Some citizens have elected to bring private matters against noisemakers in the magistrates’ courts, and in the absence of statistics, anecdotal evidence suggests routine frustration.
This series will continue tomorrow.
The Lange Park Residents Association (Lapratt) of Chaguanas is perhaps the first residents’ organisation to successfully challenge a fete promoter. They caused a licence to be denied for a chutney show at the Rise car park in Chaguanas three weeks ago.
The residents’ problems began with the opening of a bar, Rise, on the northern extremity of the community. At first, the establishment was a bar and grill, which the residents were, if anything, pleased to have in proximity. However, things changed quickly, according to president of Lapratt Nagib Shakeer: “From a quiet bar and lounge, it became a nightclub-karaoke kind of affair. From Thursdays to Saturdays, the crowds spilled out onto the sidewalk and car park.” And large speaker boxes appeared.
The residents had meetings with the Rise management, and were given assurances, but the noise levels inexorably crept back up.
The launch of a band, a full-blown Carnival fete in 2011, brought, according to Shakeer, “excessive noise, parking problems, and other violations of people’s enjoyment of property.” These included people “playing music from their cars, drinking in the street, and urinating on residents’ walls and using obscene language.”
When an all-inclusive was announced at the venue in 2012, the residents' association went to the Chaguanas Magistrates Court to lodge objections. However, the promoter was represented by legal counsel and they were not, and the magistrate told them they had no locus standi, and would not be heard. Approval was granted to the promoter, and the event went on.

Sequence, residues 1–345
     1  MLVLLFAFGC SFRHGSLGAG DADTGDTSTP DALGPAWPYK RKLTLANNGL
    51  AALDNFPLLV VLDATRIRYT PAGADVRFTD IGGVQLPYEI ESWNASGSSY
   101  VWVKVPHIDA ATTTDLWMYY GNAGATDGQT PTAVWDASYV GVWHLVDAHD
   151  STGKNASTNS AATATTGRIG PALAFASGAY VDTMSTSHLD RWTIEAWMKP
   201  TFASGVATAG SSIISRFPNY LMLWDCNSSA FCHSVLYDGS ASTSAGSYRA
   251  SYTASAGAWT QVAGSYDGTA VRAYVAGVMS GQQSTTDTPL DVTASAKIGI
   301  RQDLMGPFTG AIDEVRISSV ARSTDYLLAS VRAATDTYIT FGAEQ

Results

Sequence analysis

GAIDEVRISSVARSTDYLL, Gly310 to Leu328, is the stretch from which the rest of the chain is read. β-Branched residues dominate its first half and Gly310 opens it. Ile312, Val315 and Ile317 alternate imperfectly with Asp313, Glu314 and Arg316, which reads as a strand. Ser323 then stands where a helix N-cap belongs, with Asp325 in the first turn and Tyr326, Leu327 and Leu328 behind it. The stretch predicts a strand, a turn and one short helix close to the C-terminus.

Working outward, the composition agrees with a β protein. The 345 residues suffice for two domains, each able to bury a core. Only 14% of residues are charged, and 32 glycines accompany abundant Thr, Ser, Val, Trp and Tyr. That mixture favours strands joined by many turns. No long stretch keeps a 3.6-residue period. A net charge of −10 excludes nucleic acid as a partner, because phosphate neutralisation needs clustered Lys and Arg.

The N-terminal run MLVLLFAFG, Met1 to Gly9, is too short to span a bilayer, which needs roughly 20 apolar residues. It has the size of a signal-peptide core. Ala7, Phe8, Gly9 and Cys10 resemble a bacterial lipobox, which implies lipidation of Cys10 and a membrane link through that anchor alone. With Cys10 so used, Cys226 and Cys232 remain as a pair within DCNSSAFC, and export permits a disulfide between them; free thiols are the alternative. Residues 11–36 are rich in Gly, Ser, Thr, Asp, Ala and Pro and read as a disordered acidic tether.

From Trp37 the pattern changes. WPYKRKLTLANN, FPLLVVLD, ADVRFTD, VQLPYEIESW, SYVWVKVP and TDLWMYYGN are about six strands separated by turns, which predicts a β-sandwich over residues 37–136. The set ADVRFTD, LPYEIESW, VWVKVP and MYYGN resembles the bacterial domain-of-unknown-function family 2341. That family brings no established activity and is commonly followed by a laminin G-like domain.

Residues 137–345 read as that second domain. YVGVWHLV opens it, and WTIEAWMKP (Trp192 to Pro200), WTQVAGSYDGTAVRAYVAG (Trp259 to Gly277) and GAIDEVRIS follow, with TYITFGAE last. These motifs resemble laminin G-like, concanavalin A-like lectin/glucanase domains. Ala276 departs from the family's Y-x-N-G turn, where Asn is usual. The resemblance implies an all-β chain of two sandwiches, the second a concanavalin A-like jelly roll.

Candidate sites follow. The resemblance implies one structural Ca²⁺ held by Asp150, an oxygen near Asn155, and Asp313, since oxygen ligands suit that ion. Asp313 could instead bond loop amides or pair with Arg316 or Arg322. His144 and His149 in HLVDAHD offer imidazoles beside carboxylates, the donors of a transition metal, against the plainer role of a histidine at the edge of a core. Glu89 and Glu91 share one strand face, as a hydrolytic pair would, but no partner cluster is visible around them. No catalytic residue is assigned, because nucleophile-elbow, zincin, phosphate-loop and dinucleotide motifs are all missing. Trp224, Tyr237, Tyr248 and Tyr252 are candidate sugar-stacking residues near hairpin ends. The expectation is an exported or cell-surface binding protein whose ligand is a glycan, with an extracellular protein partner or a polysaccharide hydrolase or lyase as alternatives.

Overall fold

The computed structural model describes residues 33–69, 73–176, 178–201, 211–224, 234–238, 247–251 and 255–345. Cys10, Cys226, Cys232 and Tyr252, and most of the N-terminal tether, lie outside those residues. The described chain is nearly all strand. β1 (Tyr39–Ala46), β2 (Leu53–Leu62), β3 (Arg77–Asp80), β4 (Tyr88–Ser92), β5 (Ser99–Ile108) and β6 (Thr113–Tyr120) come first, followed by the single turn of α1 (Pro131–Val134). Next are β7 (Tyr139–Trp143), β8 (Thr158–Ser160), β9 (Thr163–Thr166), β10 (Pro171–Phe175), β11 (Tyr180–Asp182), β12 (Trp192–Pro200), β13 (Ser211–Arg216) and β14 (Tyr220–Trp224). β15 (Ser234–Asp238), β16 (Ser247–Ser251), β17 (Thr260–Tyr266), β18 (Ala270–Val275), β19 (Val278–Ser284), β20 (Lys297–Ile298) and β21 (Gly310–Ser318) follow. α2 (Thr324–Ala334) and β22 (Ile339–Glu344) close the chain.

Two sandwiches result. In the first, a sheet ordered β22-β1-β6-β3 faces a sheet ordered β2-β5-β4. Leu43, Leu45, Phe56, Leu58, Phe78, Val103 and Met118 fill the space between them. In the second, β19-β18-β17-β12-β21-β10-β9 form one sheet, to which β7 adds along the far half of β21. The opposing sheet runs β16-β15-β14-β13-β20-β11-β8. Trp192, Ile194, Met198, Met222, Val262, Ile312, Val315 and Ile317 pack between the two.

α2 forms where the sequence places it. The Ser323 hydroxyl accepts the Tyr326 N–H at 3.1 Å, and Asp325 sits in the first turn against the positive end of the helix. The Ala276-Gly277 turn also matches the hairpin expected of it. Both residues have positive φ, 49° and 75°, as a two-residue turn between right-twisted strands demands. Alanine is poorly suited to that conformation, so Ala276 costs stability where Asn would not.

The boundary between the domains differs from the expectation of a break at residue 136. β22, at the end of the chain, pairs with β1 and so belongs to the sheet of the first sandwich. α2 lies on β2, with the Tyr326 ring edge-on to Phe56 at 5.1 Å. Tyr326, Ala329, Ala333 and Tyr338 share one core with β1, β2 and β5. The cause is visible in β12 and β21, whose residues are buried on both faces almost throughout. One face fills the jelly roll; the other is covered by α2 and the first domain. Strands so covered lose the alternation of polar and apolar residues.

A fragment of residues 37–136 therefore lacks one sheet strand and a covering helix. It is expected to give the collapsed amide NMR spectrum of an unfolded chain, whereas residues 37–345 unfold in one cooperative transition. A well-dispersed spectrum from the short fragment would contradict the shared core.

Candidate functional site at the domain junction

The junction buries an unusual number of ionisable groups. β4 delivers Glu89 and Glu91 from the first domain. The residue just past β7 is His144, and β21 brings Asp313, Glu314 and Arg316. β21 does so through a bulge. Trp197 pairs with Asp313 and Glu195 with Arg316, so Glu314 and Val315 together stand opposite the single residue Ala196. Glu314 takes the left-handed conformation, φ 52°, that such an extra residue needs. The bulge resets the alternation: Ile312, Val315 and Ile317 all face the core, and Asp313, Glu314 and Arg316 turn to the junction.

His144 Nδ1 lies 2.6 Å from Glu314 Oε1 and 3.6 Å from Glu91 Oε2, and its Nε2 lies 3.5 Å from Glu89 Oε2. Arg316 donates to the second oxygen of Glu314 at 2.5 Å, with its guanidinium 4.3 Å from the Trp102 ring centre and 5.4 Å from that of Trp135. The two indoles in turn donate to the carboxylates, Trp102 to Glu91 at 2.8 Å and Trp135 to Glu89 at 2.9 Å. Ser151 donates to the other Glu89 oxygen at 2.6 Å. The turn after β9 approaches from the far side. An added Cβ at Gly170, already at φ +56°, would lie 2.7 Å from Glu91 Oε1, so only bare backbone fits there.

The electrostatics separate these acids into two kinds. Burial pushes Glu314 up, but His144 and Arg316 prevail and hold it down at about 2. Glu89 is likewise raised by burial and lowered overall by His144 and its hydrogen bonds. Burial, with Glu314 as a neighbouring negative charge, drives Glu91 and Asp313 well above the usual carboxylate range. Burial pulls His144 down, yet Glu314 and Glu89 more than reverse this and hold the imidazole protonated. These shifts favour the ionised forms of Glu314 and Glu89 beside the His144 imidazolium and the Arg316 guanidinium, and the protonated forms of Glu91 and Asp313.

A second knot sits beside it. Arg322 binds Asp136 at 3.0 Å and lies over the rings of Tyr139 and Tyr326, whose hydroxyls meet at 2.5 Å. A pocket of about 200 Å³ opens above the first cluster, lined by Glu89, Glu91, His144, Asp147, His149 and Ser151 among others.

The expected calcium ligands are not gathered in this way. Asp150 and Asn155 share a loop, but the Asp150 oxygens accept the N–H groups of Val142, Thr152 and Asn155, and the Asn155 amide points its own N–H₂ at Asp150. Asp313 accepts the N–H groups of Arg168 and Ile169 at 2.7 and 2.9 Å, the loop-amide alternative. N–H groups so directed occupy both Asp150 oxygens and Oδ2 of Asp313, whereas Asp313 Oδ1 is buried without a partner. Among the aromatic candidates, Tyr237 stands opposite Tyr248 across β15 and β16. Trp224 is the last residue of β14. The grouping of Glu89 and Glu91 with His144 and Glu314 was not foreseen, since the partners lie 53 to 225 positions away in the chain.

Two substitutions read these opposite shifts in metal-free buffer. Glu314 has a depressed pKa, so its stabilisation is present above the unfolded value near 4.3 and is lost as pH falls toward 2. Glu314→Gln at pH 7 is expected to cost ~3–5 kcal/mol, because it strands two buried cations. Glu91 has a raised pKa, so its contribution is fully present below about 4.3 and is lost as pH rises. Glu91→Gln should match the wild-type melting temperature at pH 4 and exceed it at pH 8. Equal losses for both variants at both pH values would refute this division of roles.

The residents persevered. Over the course of the following year, they made, distributed and collated questionnaires for other residents to fill out regarding the noise levels and their discomfort. They kept records of events at the venue, and the levels of noise. They took photographs of parking patterns during events.
In 2013, Lapratt returned to court armed with empirical data, and represented by legal counsel, Cheryl Ann Steele (of Janet Peters’ chambers).
From a refusal to hear them in 2102, the same magistrate in 2013 made a site visit, and after hearing their arguments, ruled in the residents’ favour.
“My faith in the justice system is renewed,” said Lapratt member Robert Andrews. “But we had to do our homework.”
The proprietor of the Rise was not at the venue on the two occasions when the Guardian visited. However, the owner of the property, Prakash Ramkhelawan, who lives above the Rise, said he has complained to the management about the noise from the music systems of patrons’ cars in the car park. He agreed that it was “unfair” for the residents to have to put up with the noise.
How loud is too loud?
The American Speech-Language-Hearing Association (www.asha.org) provides a list of common noise-making activities, their decibel levels (dB) and their effects. A library is about 30 dB, a quiet room has a decibel level of 40 dB, a typical conversation is about 60 dB, a kitchen blender is rated as “very loud” at 80-90 dB, a chainsaw is “extremely loud” at 110 dB, and fireworks (at three feet) are described as “painfully loud” at 150 dB.
The effects of exposure to excessive noise,
says the ASHA Web site, include high blood pressure, abnormal heart rate, insomnia, irritability, developmental disruption in unborn babies, and learning disabilities in children.